‘Professor,’ said I, ‘it’s due to the extraordinary fact that we are not the only people in the world. I began to realise it at Hong-Kong. It’s getting plainer now. I shouldn’t be surprised if we turned out to be ordinary human beings, after all.’

We entered a courtyard where an evil-looking bronze horse stared at two stone lions, and a company of children babbled among themselves. There is a legend connected with the bronze horse, which may be found in the guide-books. But the real true story of the creature is, that he was made long ago out of the fossil ivory of Siberia by a Japanese Prometheus, and got life and many foals, whose descendants closely resemble their father. Long years have almost eliminated the ivory in the blood, but it crops out in creamy mane and tail; and the pot-belly and marvellous feet of the bronze horse may be found to this day among the pack-ponies of Nagasaki, who carry pack-saddles adorned with velvet and red cloth, who wear grass shoes on their hind feet, and who are made like to horses in a pantomime.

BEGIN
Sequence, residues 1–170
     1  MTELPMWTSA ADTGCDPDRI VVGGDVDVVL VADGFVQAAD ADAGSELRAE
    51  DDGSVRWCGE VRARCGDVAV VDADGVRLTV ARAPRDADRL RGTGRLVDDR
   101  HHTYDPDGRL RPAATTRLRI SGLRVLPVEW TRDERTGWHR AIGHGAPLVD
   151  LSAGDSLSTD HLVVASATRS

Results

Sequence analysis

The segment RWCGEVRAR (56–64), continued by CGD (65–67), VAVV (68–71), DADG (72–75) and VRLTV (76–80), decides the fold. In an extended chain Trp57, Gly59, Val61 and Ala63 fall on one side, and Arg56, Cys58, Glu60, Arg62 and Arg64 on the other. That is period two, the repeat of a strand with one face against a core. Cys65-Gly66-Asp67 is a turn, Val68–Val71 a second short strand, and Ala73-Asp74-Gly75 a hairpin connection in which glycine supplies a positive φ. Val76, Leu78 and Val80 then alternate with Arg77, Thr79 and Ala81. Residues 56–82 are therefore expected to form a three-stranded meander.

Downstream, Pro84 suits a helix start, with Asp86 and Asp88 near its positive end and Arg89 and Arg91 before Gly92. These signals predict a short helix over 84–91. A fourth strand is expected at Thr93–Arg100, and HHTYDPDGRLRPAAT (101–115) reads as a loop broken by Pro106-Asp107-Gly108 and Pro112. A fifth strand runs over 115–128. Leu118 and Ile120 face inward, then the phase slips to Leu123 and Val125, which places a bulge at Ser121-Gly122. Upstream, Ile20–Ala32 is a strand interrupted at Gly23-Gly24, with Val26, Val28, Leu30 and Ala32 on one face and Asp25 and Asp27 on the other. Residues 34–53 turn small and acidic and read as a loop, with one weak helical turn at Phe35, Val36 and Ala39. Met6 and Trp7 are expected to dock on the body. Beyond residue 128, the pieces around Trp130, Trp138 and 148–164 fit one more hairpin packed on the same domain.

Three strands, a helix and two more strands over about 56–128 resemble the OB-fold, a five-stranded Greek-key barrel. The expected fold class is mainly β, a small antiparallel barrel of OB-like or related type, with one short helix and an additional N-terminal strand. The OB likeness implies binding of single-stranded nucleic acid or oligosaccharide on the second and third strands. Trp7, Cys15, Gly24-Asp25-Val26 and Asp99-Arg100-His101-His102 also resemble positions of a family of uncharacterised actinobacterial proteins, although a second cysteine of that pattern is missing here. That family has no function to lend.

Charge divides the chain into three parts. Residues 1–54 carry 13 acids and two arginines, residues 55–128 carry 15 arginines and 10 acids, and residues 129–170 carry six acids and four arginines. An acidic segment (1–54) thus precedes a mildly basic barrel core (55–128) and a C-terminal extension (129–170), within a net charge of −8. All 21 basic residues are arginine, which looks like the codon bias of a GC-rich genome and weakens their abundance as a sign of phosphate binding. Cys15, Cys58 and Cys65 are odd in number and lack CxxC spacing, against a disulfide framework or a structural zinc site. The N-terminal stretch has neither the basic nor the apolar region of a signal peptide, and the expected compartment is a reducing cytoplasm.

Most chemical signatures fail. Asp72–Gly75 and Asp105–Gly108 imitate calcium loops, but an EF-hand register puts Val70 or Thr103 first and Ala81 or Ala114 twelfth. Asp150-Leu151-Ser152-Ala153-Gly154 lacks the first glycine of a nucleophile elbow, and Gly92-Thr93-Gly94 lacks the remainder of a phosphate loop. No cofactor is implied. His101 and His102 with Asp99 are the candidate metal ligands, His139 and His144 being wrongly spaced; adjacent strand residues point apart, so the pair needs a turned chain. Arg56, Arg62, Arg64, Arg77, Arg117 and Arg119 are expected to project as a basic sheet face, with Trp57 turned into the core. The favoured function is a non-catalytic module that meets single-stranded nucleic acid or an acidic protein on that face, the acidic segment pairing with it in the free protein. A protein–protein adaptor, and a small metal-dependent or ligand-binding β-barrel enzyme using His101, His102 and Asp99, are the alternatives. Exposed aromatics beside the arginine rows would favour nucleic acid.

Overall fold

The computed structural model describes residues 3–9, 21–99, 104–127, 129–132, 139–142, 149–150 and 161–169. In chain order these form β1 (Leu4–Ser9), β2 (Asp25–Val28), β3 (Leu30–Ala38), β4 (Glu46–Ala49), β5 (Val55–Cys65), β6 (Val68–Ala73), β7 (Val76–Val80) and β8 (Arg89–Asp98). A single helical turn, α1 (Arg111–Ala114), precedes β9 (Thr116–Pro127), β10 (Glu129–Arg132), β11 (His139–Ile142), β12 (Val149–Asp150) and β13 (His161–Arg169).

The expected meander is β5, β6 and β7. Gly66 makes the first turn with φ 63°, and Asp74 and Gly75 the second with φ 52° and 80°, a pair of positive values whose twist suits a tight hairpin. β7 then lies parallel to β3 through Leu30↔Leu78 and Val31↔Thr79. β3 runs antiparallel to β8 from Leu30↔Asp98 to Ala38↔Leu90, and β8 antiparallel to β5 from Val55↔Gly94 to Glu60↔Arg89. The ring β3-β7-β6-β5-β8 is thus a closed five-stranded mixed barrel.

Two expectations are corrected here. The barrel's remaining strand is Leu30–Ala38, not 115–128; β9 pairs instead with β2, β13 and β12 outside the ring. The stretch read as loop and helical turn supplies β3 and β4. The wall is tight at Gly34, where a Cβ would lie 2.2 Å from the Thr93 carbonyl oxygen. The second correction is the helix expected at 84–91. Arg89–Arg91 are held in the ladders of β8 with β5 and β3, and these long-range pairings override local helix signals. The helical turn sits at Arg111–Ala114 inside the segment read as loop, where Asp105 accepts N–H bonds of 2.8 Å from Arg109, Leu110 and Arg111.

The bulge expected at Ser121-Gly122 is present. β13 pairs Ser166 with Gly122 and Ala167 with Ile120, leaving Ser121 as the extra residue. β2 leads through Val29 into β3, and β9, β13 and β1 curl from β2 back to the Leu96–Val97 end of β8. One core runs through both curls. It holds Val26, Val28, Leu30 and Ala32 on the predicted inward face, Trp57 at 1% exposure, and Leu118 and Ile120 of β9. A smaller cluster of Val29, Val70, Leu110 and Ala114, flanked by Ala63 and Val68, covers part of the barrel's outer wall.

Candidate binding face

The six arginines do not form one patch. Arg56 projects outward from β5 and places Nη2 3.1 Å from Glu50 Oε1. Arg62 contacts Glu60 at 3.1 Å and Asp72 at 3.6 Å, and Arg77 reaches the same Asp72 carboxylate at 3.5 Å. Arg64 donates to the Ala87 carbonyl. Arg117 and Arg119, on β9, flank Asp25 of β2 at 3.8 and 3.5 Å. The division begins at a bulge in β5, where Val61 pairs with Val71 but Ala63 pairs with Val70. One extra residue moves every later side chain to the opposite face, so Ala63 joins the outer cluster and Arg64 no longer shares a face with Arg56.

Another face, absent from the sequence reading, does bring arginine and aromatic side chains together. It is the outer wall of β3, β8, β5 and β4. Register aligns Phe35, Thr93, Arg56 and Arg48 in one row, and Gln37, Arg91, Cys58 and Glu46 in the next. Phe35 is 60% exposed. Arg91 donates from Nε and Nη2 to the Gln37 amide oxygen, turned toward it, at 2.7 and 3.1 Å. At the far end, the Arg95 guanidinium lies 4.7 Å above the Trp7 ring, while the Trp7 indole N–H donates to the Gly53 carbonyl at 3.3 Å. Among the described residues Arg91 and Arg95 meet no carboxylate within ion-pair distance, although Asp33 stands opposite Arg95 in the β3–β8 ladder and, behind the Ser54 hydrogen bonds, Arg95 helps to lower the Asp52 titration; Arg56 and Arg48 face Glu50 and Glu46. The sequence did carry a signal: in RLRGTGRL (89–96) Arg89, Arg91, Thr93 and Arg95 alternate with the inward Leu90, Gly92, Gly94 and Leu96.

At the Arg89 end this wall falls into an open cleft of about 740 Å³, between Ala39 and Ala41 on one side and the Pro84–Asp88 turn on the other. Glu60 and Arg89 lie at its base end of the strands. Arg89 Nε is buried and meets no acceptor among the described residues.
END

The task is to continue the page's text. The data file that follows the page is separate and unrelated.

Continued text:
We could not go beyond this courtyard because a label said, ‘No admittance,’ and thus all we saw of the temple was rich-brown high roofs of blackened thatch, breaking back and back in wave and undulation till they were lost in the foliage. The Japanese play with thatch as men play with modelling clay; but how their light underpinnings can carry the weight of the roof is a mystery to the lay eye.